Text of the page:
To thrive in the uncertain job market of the future, students will need to become proficient with technological tools that are advancing at a lightening pace. And to help them keep up, the Asheville City Schools Foundation is seeking community partners to build on recent successes and overcome a range of challenges.
The nonprofit hosted a Jan. 24 school tour to highlight the issues involved to a diverse group of about 50 local leaders, from government officials to entrepreneurs.
As technology advances continue to drastically reshape the economy, about 60 percent of today’s elementary students will find themselves working in jobs as adults that don’t even exist yet, according to Matt Whiteside, director of instructional technology at Asheville City Schools. A child with an iPhone now has more computing power at their disposal than all of NASA had when its first astronauts landed on the moon — presenting vast new opportunities, he said.
However, with nearly half of Asheville City Schools students living in poverty, a growing technology divide could leave too many children behind, said Whiteside. When families can’t afford to provide the necessary technological tools and internet access for their children, it’s incumbent on public schools to try to provide the necessary resources, he argued. “We have students who don’t have access,” he said. “We need to help our students bridge the technology divide.”
To help fill the gap, Asheville High School has issued laptops to all incoming ninth-graders since 2011. One of the next steps is figuring out how to ensure those children who don’t have Internet access at home can get it, said Whiteside. However, the funding for any such new initiative is uncertain, he said.
Providing toolsLast year, the Asheville City Schools Foundation awarded local schools $22,000 in grants for projects designed to increase access to technology. Some of that went to Asheville High science teachers Amanda Schoonover and Jenny Thomas, who used it to produce 150 instructional videos. Giving students access to the customized video lessons helped empower them “to take responsibility for their own learning,” said Schoonover. “When you provide more opportunities for kids to use technology in the right way, they have less time to use them in the wrong way.”
AHS science teacher Amanda Schoonover
However, she cautioned that such new media lessons shouldn’t be looked at as a way to replace teachers or an excuse to overcrowd classrooms. Developing positive personal connections between students and teachers is “even more important for those in poverty,” added Kate Pett, executive director of Asheville City Schools Foundation.
Meanwhile, over at Claxton Elementary School, 30 first-graders were issued iPod Minis last year to help them with lessons in math and reading. The school also received a $4,124 grant from the foundation to upgrade Claxton’s video lab, where students produce news broadcasts and podcasts.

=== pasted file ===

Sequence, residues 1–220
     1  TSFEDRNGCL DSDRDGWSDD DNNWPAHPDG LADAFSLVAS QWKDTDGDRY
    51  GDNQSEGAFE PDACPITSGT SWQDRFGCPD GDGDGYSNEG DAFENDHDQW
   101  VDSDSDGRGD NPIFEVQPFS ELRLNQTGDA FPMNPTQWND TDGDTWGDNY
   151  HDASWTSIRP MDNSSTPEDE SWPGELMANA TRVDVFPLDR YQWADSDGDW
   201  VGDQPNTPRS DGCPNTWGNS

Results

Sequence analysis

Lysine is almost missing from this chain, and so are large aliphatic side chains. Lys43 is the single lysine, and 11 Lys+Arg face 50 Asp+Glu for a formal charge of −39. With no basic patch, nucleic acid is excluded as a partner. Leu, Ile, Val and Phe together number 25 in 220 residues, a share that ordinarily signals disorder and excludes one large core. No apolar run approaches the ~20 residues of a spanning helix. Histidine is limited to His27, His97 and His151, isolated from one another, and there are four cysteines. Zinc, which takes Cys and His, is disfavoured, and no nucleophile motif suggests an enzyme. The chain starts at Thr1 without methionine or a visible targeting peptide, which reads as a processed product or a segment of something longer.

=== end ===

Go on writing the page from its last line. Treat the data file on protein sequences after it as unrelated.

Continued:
And at Asheville Middle School, instructors are implementing a wide array of initiatives, including a “Cougarbotics” program which teaches students how to build and operate robots.
AMS students show off new multimedia projects to a group of community leaders.
“We are so proud of the programs we have here and the support we have from the community,” said AMS Principal Cynthia Sellinger.
But amid a challenging government funding environment, Pett said the schools are increasingly looking for outside partners to help take their technology initiatives to the next level.
One such partner is the Asheville-Buncombe Sustainable Community Initiatives group, which is hoping to build an “engagement center” for teachers. The idea is to provide training to teachers in new technologies that can be beneficial in the classroom, said Robin Cape, the organization’s executive director. She hopes that the training will also tie in to the Economic Development Coalition’s vision of growing the local economy.
“Our schools are one of the leaders in this work – a primary partner for building our community,” said Cape. “It’s going to be their world.”
Meanwhile, schools are in search of technology mentors to partner with teachers to help support projects and look for ways to enhance learning, said Pett. The foundation’s also looking to fill spots on a Technology Advisory Committee that’s charged with the overseeing those goals.
For those with less spare time to help, the foundation is also recruiting those with expertise who could make one-time presentations at special events. And of course, the foundation always welcomes donations to its technology fund, says Pett.
The appeal for citizen participation is about putting “the public in public education,” she says. “The vast majority of children will always be educated in public schools. They are the best option for children to be ready for success.”
Claxton Elementary teacher Mary Head and students Siyuna Boyd and Thayer Mahan hold up a poster they made thanking the Asheville City Schools Foundation for its support.